First-generation total ankle arthroplasty

a 39-year-old case

Keywords: Arthroplasty, replacement, ankle, Arthrodesis, Ankle fractures

Abstract

Ankle prostheses are a source of disagreement within the orthopedic community due to the poor initial results. The lack of alternatives to arthrodesis has promoted the evolution of arthroplasties. Biomechanical compatibility has been improved, new surgical techniques and instrumentation devices have been developed, and biological techniques for fixation of the various components have been introduced. The first-generation arthroplasty prostheses introduced in the 1970s were cemented and had a stable constrictive design, but because they required extensive bone resection for implantation, they failed due to loosening and extensive osteolysis. We report a case of left total ankle arthroplasty performed in 1980 that is still “in situ”. Based on the bibliographic research performed, this case seems to represent the longest-lasting implant reported to date. Level of Evidence V; Therapeutic Studies; Expert Opinion.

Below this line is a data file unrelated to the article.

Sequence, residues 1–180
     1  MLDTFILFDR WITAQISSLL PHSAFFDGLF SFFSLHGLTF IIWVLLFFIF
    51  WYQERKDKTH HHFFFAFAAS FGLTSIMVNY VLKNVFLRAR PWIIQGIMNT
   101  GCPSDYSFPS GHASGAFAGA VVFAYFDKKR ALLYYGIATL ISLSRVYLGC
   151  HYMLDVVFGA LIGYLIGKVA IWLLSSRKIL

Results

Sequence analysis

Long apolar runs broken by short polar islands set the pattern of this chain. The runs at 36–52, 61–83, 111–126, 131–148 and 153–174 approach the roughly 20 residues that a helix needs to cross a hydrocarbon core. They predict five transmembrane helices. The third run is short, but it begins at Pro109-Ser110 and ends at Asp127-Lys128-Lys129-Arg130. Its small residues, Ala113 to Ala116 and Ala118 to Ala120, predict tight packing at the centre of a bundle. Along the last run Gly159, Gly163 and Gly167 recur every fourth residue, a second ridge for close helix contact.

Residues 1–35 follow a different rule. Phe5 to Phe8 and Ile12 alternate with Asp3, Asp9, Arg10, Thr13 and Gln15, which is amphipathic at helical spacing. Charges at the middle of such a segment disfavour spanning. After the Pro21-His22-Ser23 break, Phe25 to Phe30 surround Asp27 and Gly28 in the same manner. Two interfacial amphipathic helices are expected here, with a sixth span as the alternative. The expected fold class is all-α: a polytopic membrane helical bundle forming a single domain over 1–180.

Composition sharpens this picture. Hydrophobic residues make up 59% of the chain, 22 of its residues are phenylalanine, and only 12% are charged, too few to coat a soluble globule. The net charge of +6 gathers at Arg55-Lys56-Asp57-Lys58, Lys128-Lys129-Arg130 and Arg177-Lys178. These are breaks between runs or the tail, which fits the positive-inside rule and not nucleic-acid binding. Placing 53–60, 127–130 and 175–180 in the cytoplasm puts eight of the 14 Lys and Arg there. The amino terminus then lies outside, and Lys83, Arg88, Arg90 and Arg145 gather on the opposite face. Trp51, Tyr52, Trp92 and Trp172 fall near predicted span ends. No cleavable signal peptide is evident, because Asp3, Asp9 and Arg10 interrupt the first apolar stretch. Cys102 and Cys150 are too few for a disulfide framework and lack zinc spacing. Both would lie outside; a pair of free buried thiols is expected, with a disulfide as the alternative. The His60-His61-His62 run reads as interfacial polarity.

Published
30-09-2019
How to Cite
Afonso, C. T., Andrade, A. J. P. de, Freitas, M. M. P. P. de, & Ruano, A. S. (2019). First-generation total ankle arthroplasty: a 39-year-old case. Scientific Journal of the Foot & Ankle, 13(3), 228-31. https://doi.org/10.30795/scijfootankle.2019.v13.976